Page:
• Select Table(s): This section displays the tables available in the database connection using any applied filters, after using the icon  for the initial loading of objects. If there are a large number of objects in the database, it is recommended to filter the objects using View or Search prior to refreshing. If fetching the objects times out, even after applying filters, another option is to use a manual SQL statement.
    • View: Use the dropdown to filter the list of objects to tables, views, or system tables. By default, tables and views are shown.

    • Search: Enter any part of the object name into the search box to filter the list of objects. The search is not case-sensitive. The list of objects may be filtered automatically or you may need to refresh the list, depending on whether the objects have already been retrieved:

      • If searching on objects that have already been retrieved from the database and already appear within the list, any search terms typed within the search box will automatically filter the list.

      • If searching on objects that have not yet been retrieved, for example when attempting to limit the number of objects retrieved for databases with a large number of objects, use the refresh icon next to the search box to fetch the objects from the database using the filter.

      CAUTION: For databases that do not support searching on objects, such as Microsoft Access, no results will be returned.
    • Refresh: Click the refresh icon  to load or reload tables from the database connection. This must be used for the initial loading of any objects. In addition, it may also be useful if you have recently added objects to the database, or if you have additional search criteria that you wish to apply prior to retrieving database objects. This action refreshes all metadata for all areas within Cloud Studio, including within the transformation.

    • Include the schema/owner in the table names: Select this checkbox to include the schema in the table names. This may be useful if you use the same table name in multiple schemas (such as for development and production) to allow you to see and select the table in the correct schema.
    • Select Table(s): The list of objects is displayed in a column on the left. Click on objects one at a time to add them to the table on the right. Any combination of tables, views, and/or system tables may be selected. If instead you need to query a single object without joins, refer to Single-Object Query Using Wizard.

      TIP: If the list does not populate with available objects even after applying a filter, the database connection may not be successful. Ensure you are connected by reopening the connection and retesting the credentials.
    • Table of Selected Objects: The selected objects are displayed in a table on the right. Each column is detailed below.

      • Table: The name of the selected object, including table, view, or system table.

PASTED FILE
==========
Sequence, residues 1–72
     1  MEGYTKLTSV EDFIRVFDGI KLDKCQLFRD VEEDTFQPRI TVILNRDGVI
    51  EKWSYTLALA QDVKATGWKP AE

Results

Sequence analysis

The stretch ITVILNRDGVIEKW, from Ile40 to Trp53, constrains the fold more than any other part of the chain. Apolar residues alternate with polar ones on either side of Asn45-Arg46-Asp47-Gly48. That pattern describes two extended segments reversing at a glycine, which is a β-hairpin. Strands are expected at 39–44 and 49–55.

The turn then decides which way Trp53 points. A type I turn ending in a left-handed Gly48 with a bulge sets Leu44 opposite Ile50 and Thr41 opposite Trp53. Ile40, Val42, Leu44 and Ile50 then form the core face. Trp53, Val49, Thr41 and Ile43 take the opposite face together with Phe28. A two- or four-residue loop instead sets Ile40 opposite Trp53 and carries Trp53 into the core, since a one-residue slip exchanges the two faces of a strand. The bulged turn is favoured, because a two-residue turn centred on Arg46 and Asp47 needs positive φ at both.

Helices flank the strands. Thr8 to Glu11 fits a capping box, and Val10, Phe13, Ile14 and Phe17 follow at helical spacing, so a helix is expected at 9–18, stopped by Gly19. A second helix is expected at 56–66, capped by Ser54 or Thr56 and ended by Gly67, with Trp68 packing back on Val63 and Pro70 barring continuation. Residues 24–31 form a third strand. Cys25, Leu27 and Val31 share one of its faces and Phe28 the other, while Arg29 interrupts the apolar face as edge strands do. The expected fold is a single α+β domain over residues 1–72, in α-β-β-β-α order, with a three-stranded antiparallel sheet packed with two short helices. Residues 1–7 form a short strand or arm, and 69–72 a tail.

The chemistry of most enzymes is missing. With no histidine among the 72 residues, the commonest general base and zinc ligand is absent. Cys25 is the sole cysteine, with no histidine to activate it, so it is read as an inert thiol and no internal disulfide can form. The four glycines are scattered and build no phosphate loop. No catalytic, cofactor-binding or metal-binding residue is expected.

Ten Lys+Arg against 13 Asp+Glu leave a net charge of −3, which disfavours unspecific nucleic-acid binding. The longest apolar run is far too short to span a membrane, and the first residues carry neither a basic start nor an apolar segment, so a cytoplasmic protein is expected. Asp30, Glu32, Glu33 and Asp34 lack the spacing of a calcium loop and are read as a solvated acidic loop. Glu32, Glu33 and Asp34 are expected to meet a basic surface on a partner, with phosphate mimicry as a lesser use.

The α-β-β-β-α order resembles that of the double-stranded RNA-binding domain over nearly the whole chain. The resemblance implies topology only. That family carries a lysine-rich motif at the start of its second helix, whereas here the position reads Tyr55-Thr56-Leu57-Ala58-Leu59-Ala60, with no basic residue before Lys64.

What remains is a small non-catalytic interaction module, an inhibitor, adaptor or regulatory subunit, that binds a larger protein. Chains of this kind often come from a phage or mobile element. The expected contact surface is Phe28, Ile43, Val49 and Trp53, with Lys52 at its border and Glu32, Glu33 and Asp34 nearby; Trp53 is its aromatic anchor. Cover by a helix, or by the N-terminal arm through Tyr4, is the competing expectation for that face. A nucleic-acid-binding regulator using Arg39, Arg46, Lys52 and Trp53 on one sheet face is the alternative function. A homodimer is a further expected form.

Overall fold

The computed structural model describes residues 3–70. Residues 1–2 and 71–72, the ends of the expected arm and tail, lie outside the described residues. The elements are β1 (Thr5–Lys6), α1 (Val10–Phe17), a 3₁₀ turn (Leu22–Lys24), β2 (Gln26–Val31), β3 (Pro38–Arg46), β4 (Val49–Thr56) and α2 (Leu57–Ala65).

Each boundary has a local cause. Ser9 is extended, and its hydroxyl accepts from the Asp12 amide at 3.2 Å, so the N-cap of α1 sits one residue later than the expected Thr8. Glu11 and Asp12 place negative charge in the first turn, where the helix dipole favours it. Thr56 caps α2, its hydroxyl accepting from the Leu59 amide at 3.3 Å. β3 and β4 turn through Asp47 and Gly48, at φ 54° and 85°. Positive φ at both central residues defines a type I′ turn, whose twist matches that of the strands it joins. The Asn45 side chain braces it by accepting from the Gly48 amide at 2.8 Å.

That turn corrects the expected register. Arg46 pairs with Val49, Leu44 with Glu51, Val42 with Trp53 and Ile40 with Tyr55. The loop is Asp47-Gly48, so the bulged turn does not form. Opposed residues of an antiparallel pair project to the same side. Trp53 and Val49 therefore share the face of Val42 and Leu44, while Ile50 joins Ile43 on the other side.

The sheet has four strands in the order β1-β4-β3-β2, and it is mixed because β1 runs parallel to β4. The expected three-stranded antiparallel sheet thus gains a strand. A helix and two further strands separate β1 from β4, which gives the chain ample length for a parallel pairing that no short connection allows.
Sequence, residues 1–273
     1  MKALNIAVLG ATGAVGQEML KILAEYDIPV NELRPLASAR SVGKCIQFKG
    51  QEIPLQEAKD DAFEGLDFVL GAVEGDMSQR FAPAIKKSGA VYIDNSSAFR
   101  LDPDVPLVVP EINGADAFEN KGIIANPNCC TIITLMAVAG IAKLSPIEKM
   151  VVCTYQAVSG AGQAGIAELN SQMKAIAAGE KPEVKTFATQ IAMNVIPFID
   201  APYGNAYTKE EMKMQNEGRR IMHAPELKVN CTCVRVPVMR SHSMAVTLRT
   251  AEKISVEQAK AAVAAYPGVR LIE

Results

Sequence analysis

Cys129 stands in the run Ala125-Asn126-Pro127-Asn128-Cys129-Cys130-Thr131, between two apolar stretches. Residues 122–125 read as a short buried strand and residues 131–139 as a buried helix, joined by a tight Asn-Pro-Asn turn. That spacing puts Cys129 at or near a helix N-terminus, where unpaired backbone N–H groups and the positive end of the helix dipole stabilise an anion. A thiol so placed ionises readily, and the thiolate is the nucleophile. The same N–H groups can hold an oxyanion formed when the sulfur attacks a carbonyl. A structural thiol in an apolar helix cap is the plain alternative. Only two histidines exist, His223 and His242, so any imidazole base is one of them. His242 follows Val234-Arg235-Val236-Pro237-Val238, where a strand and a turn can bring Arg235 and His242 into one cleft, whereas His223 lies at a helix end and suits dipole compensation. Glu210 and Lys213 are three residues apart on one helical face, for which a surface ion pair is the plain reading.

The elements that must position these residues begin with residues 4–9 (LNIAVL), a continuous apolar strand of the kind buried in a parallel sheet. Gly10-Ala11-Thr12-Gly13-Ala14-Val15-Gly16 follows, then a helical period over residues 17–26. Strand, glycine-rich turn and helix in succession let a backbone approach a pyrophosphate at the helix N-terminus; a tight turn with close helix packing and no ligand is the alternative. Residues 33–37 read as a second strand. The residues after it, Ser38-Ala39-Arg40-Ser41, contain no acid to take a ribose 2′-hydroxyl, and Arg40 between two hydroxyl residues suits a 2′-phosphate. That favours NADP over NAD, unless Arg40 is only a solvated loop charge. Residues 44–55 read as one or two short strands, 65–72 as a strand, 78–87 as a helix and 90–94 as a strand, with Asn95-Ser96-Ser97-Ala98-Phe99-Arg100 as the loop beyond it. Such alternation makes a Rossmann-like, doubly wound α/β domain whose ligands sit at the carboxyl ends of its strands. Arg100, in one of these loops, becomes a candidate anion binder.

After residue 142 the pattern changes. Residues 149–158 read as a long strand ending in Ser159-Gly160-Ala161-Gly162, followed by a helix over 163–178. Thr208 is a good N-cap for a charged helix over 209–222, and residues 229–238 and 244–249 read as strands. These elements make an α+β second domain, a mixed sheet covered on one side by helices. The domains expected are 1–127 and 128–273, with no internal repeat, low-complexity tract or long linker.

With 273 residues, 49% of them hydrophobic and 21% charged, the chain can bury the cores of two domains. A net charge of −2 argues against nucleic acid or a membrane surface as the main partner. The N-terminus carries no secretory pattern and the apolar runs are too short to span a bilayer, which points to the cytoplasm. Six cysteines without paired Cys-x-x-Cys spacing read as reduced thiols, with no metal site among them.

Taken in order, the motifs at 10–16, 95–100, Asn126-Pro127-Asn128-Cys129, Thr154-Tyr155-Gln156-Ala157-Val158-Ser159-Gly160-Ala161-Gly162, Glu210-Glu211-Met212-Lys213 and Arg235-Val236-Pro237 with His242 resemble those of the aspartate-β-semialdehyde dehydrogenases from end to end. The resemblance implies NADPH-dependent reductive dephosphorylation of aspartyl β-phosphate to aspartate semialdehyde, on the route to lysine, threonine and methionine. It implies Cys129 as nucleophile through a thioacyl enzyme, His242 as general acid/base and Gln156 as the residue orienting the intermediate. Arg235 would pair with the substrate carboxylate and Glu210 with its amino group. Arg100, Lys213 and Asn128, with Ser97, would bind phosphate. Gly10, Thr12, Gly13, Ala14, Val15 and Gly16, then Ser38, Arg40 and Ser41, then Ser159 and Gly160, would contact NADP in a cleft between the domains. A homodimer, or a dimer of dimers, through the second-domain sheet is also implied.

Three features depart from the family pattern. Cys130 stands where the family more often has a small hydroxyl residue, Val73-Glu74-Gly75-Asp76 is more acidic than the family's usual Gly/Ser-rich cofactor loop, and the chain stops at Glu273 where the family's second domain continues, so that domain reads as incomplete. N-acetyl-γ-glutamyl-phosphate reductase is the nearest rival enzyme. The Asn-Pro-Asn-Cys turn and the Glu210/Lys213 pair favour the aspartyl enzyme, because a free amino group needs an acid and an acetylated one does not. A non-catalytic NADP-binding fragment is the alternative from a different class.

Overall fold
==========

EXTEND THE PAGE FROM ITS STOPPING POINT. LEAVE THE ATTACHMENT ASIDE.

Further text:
• Parent: On each child object being joined, use the dropdown to select the name of the object that should be the parent. This is needed to enforce transactional integrity of an object as well as to derive the link key(s) for a child object. 

      • Join Type: On each child object being joined, a dropdown will become available after you have assigned Link Keys (covered next). Use the dropdown to set the type of relationship between the selected objects:

        • One or More: This join type requires that every parent record has at least 1 child record, and possibly more child records.
        • One Only: This join type requires that every parent record has 1 and only 1 child record.
        • Zero or More: This join type allows every parent record to have either 0 or more child records.
        • Zero or One: This join type allows every parent record to have either 0 child records or only 1 child record.

      • Link Keys: On each child object being joined, when an object is selected as the Parent, a red Assign link appears within this field. Click Assign to open a separate window where you assign the link keys:

        • Parent Object: The parent object and list of fields is displayed in the left column. Any fields used as primary keys within the database will be indicated by a key icon . If you have a lot of fields, you may also use the search box to filter fields by name.

        • Child Object: The child object and list of fields is displayed in the right column. If you have a lot of fields, you may also use the search box to filter fields by name.

        • Assign Link Key(s): To assign a field as a link keys, drag a field from the parent object on the left to a field within the child object on the right, or vice versa. If you would like to assign multiple link keys, repeat this process.

        • Unassign Link Key(s): To unassign link keys, click on any field that has already been linked. The linked fields will become deselected.

        • Finish: Click the Finish button to save the assigned link keys and close the window. Under Link Keys, you should now see the number of assigned link keys, which you can click to reopen the link key assignment window. In addition, the Join Type dropdown becomes available for you to set the type of relationship between the selected objects:

      • Remove: To remove a selected object from the table, hover over the far right column and click the trash icon .
  • Save & Exit: Click this button to save the configuration for this step and close the activity configuration.